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By Lisa Hough-Stewart

The city of Amsterdam recently unveiled its new Amsterdam City Doughnut, which Doughnut Economics author and WEAll Ambassador Kate Raworth describes as “taking the global concept of the Doughnut and turns it into a tool for transformative action in the city of Amsterdam.”

Doughnut Economics is a book full of ideas for 21st century economies and since it was first launched in 2017 many people – from teachers, artists and community organisers to city officials, business leaders and politicians – have said they want to put the ideas into practice, indeed they are already doing it.

The iconic Doughnut framework sets a goal of operating within safe social and planetary boundaries. It is a playfully serious approach to framing that challenge, and it acts as a compass for human progress this century.

Kate and her team we are launching Doughnut Economics Action Lab (DEAL) to help make this happen. The start-up team is currently working on building a collaborative platform so that this emerging community of changemakers can connect, share, inspire and get inspired, with all the different ways that people are putting the ideas of Doughnut Economics into action.

As well as Amsterdam’s Doughnut, there are already other Doughnuts out there – and this period of great change, transformation and recovery is the perfect time to revisit them.

Kate Raworth’s Doughnut Economics work began during her time at Oxfam, and the NGO has developed Doughnut frameworks and tools for Wales, Scotland, the UK and South Africa.

Indeed, Oxfam Cymru has recently published a new Welsh Doughnut 2020  – great timing, as the Welsh Government has just joined the Wellbeing Economy Governments partnership. 

The Welsh Doughnut 2020 offers many insights into the current situation in Wales and where the government and others could prioritise in order to work towards building a wellbeing economy.

Oxfam Cymru

 

If you’re interested in exploring a Doughnut framework where you are, you can let the Doughnut Economics Action Lab know by filling in this short form.

In the meantime, check out the rich resources that are the existing Doughnuts – and if you’re working on building a wellbeing economy of those locations, make sure that decision makers are aware of the Doughnut analysis that’s already been carried out.

Header image: Photo by Sharon McCutcheon from Pexels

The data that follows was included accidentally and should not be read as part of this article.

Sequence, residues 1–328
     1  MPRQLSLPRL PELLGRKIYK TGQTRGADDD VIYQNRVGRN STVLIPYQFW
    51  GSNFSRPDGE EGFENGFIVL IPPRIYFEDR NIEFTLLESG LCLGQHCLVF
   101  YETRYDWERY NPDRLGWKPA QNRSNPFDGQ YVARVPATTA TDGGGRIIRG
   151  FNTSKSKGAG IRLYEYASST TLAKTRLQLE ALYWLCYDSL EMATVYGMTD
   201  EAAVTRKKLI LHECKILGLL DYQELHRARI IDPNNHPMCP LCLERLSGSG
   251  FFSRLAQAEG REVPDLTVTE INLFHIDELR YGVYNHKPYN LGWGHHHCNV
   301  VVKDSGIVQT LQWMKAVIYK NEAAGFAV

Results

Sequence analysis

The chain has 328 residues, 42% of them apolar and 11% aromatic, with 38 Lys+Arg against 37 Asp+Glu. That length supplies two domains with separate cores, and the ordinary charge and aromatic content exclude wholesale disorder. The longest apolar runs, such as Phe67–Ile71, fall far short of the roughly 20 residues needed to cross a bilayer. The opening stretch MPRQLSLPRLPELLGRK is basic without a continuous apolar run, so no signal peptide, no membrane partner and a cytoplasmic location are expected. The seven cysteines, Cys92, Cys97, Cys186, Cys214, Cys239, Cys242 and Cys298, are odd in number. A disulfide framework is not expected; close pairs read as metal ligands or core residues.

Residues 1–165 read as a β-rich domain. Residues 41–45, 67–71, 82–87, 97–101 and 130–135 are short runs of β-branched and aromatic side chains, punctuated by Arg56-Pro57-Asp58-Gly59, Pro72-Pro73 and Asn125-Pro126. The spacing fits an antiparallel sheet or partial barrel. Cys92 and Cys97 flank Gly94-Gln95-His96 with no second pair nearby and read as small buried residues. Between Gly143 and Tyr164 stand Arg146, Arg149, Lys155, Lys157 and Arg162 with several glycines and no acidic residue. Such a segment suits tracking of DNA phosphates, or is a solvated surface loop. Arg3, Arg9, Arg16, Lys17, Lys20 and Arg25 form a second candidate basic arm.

Innovative economist, broadcaster and WEAll Ambassador Ayabonga Cawe, has been appointed as one of the 18 members of South Africa’s new Economic Advisory Council.

According to The Citizen, the new Presidential Economic Advisory Council will: “ensure greater coherence and consistency in the implementation of economic policy and ensure that government and society, in general, are better equipped to respond to changing economic circumstances”.

The new economic advisory council is also intended to build a capable state.

According to the formal announcement, the council will be chaired by the president, will meet every quarter, and will receive support from National Treasury and existing economic research structures. The announcement states that the new council will engage with the existing National Economic Development and Labour Council (Nedlac).

As an aside, Nedlac was established as “the vehicle by which government, labour, business and community organisations seek to cooperate, through problem-solving and negotiation, on economic, labour and development issues and related challenges facing the country”.

More about Aya

Ayabonga Cawe is a Johannesburg based development economist, columnist, radio presenter, photographer and activist.

He is Managing Director of a platform involved in advisory, facilitation and content development across a wide range of fields.

He hosts #PowerBusiness on PowerFM and writes a regular column for Daily Maverick and Business Day.

Prior to this he was Economic Justice Manager at Oxfam South Africa (OZA) working on policy advocacy and research. He has also worked as an Associate Consultant at Dalberg Global Development Advisors, a global development strategy consulting and policy advisory firm.

He has experience in economic research, policy and supply chain analysis, advocacy, development program design and M&E. He is also a co-founder of Rethink Africa NPC, a youth-led policy research, advocacy and advisory organisation. He has taken part in a wide range of research, advisory and policy engagements on development issues in agriculture, rail, urban design and labour market policy.

His international experience on issues of sustainability and business includes conducting primary research with farmer organizations in Indonesia, for a multilateral client. He has also conducted primary research in Nigeria, for a market entry strategy on behalf of a global pharmaceuticals manufacturer. Ayabonga was a finalist in the category, ‘Best Business and Finance Show’ at the 2018 Liberty Radio Awards.

Ayabonga sat on the National Minimum Wage Advisory Panel appointed by the Deputy President and Nedlac, which advised on the R20/hour proposal.  He currently sits on the VAT zero-rating review panel, tasked by the Minister of Finance to consider the expansion of the list of food and non-food items exempted from value added tax.

He holds an M. Com (Cum Laude) in Development Theory and Policy from Wits.

The Duchess of Sussex Meghan Markle has been learning about the wellbeing economy during her visit to South Africa, according to coverage by CNN.

The official Sussex Royal instagram shows the Duchess being given a tour of the Victoria Yards in Johannesburg by Simon Siswe – who is a WEAll Research Fellow.

Read more on the CNN website. 

Image: Sussex Royal